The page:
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Religion and Obama’s First 100 Days

BOB ABERNETHY, anchor: President Obama marked his first 100 days in office saying he’s proud of what his administration has accomplished so far, but is very aware of all the work that lies ahead. Religious groups were among those making their own assessments of the president’s first one hundred days. Kim Lawton reports:

KIM LAWTON: More than 1,000 Christian activists, many of them moderates and liberals, gathered in Washington this week to mobilize against poverty. In a video address, President Obama said he wants to work with them.

President BARACK OBAMA (in video): If we stand together and work together, then in the words of Isaiah, we can become the repairers of the breach, the restorers of the path. Thank you for all you are doing to live out your faith.

LAWTON: That invitation was repeated by Joshua DuBois, director of the president’s newly established Office of Faith-Based and Neighborhood Partnerships.

JOSHUA DUBOIS (Office of Faith-Based and Neighborhood Partnerships): We’re really throwing the doors open of the White House to faith-based and community groups.

LAWTON: Sojourners president Jim Wallis says his movement is praying for — and lobbying for — new government policies to address poverty.

Reverend JIM WALLIS (President and CEO, Sojourners): Protecting the poor, defending the creation are core commitments of this administration. So that’s a good thing for us, good news for us. So I think there’s a real chance for partnership here.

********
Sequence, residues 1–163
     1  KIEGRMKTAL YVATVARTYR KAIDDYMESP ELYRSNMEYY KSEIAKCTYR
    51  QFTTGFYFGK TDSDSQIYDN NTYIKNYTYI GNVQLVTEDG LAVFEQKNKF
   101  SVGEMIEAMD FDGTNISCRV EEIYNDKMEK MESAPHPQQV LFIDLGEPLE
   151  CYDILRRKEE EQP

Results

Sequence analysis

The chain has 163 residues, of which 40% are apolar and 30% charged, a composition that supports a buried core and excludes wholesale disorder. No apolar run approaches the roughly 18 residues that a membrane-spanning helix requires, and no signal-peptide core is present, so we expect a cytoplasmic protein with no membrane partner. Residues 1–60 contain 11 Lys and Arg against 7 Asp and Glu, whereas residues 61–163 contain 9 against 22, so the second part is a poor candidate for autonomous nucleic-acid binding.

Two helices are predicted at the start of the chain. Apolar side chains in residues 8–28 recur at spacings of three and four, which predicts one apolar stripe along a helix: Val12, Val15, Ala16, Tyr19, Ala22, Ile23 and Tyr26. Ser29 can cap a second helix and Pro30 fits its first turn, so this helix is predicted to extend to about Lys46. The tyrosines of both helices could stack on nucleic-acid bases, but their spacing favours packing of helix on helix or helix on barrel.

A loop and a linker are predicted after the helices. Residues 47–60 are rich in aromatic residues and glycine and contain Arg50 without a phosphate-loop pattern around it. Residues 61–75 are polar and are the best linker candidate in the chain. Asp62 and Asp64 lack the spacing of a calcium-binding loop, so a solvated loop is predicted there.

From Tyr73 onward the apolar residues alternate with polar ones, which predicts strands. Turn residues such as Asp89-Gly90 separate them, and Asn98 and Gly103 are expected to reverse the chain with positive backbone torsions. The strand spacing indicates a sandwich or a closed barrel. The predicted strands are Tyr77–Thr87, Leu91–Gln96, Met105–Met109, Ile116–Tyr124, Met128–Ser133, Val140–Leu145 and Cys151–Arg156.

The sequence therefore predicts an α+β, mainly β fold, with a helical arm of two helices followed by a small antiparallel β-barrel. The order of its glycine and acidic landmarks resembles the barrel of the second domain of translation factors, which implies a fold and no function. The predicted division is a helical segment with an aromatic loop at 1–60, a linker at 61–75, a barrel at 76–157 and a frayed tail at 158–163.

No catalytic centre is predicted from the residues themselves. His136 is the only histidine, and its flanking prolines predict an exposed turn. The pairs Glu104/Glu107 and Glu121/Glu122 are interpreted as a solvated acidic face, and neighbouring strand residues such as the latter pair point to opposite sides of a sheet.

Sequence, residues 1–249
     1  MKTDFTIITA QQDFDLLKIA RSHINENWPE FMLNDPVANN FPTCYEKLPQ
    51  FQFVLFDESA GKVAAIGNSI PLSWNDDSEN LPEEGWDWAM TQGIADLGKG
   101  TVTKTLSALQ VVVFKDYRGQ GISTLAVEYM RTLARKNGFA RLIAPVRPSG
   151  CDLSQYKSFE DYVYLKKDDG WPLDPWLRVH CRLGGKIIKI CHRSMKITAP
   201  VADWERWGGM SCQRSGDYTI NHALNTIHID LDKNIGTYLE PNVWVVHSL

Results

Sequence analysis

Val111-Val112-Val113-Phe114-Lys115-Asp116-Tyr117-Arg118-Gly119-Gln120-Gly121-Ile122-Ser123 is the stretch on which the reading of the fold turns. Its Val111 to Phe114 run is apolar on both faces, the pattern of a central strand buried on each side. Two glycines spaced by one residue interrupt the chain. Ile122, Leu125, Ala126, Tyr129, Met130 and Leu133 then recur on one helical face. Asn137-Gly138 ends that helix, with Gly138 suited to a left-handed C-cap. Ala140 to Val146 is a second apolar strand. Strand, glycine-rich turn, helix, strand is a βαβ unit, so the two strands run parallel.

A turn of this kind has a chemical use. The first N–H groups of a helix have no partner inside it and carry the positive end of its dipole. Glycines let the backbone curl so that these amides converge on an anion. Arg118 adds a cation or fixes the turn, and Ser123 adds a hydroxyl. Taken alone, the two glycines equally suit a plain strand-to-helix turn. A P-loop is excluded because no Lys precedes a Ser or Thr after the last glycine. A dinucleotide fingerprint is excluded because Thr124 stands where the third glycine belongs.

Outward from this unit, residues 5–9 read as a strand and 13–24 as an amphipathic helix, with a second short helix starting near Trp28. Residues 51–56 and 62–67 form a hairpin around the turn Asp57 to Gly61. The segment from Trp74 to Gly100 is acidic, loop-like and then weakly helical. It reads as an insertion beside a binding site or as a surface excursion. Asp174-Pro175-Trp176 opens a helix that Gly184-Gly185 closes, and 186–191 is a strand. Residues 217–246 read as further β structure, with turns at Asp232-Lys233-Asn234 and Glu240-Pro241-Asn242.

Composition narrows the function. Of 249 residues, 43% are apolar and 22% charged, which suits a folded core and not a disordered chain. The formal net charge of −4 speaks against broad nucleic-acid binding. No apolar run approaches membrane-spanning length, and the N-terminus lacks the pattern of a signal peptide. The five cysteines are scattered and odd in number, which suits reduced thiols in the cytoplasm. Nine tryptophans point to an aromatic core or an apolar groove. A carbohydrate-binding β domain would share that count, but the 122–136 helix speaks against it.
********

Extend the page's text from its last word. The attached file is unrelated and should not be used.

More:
LAWTON: Many of these activists felt like outsiders during the Bush administration, and they’re very pleased with their new White House access. Wallis is on Obama’s faith advisory council.

Rev. WALLIS: There has been an incredible amount of outreach to the faith community from this administration. I’ve never seen so much before.

LAWTON: But some in the faith community still feel the president and his administration haven’t reached out broadly enough.

Bishop HARRY JACKSON (High Impact Leadership Coalition): He has not yet reached out with that group to really touch the people who are on the conservative evangelical page. They’re rallying a little left of center, and I hope that they’ll be truly more inclusive.

LAWTON: Bishop Harry Jackson and other religious conservatives are worried about what may happen on social issues like gay marriage and abortion. Jackson says they have been especially disappointed by Obama’s early track record on what they call “the life issues.”

Bishop JACKSON: I’m hoping that he will begin to reflect on the will of the people once again and say, “I’m going to move toward a life stance, I’m going to move more toward protecting life in all forms, and traditional marriage.”

LAWTON: Meanwhile, the new insiders admit they’re still figuring out how to partner with the president without compromising their ability to speak out.

Rev. WALLIS: It’s a new kind of relationship that, one, I think that bears a lot of reflection theologically and politically, because he’s said to us in the White House when we had this council meeting, he said you should feel free to disagree with me when you do, even publicly, because one thing that we can’t lose is your prophetic integrity.

LAWTON: No matter how many days the Administration is in office, religious groups across the spectrum say they’ll keep trying to make their voices heard, whether they’re on the inside or not.

I’m Kim Lawton in Washington.